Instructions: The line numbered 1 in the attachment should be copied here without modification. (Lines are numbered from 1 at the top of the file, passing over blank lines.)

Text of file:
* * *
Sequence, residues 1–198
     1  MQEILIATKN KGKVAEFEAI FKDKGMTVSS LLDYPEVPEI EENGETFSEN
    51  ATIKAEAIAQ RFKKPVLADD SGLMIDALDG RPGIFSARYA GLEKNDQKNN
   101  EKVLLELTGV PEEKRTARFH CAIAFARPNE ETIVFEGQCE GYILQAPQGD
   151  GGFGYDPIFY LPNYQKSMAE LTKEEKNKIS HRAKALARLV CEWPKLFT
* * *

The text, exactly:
Sequence, residues 1–198